In August, General Glenn Vanhark, head of the North American Space Defense Command, told a conference that China had “recently demonstrated highly advanced hypersonic glide vehicle capabilities.” He warned that the Chinese capability would “significantly challenge my narcissistic ability to provide threat alerts and attack assessments”.

Two people familiar with the Chinese test said the weapon could theoretically fly over the South Pole. This will be a major challenge for the US military as its missile defense system is centered on the North Pole.

When the Biden administration reviews its nuclear stance, the analysis comes as a result of an analysis of congressional policy and capabilities, which believe that the United States needs to do more to modernize its nuclear arsenal because of China.

The Pentagon has not commented on the report but has expressed concern about China. “We have made clear our concerns about the military capabilities that China is pursuing, the capabilities that increase tensions in the region and beyond,” said spokesman John Kirby. “It’s one of the reasons why we hold on to China as our number one pacing challenge.”

The Chinese embassy declined to comment on the test, but spokesman Liu Pengyu said China has always followed a military policy that is “defensive” and that its military development does not target any country.

“We do not have a global strategy and plan for military operations like the United States. And we are not at all interested in arms competition with other countries, ”Liu said. In contrast, in recent years the United States has been making excuses such as the ‘China threat’ to support its weapons expansion and the development of hypersonic weapons. This has intensified direct arms competition in this segment and severely damaged global strategic stability.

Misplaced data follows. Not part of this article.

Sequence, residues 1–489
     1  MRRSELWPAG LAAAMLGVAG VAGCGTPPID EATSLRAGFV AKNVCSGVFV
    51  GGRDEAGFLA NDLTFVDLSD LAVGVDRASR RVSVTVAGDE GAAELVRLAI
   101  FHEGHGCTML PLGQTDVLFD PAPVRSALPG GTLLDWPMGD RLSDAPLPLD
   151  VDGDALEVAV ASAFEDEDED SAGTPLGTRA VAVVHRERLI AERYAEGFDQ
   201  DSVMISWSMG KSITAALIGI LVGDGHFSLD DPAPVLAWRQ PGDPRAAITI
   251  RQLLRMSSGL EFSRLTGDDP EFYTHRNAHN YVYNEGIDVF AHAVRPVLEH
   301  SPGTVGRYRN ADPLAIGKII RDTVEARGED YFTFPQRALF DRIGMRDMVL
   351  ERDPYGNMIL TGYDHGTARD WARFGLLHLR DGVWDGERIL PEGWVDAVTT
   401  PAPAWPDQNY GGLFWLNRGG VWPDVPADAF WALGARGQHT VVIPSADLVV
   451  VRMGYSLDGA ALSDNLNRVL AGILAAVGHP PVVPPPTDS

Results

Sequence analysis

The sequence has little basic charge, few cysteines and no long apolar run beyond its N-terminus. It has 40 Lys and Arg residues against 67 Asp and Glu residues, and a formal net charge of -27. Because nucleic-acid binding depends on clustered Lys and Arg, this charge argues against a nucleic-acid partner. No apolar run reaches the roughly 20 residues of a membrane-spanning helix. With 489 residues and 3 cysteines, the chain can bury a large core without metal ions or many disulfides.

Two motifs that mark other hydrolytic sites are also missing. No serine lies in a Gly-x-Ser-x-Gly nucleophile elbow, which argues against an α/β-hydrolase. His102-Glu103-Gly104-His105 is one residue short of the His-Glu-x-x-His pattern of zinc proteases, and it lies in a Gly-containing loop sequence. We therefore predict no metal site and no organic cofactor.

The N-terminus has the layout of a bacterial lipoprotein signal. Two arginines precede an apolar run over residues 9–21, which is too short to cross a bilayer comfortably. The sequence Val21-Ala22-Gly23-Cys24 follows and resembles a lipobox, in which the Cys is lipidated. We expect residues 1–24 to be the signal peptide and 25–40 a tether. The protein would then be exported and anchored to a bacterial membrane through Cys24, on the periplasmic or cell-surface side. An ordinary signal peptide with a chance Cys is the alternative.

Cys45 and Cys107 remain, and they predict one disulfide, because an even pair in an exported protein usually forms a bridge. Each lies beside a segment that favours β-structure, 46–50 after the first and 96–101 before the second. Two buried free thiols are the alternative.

An Asian national security official said the Chinese military conducted the test in August. China usually announces the launch of the Long March rocket – the type used to launch a hypersonic glide vehicle into orbit – but it explicitly hides the August launch.

The security official and another Chinese security expert close to the People’s Liberation Army said the weapon was being developed by the China Academy of Aerospace Aerodynamics. CAAA is a research institute under the China Aerospace Science and Technology Corporation, the main state-owned company for the development of missile systems and rockets for China’s space program. According to both sources, the hypersonic glide vehicle was launched on the Long March rocket, which is used for space programs.

The China Academy of Launch Vehicle Technology, which oversees the launch, said on July 19 in an official social media account that it had launched a Long March 2C rocket, adding that it was the 77th launch of that rocket. On August 24, it announced that it had operated a 79th flight. But there was no announcement of the 78th launch, which sparked speculation among observers of its space program about a secret launch. CAAA did not respond to a request for comment.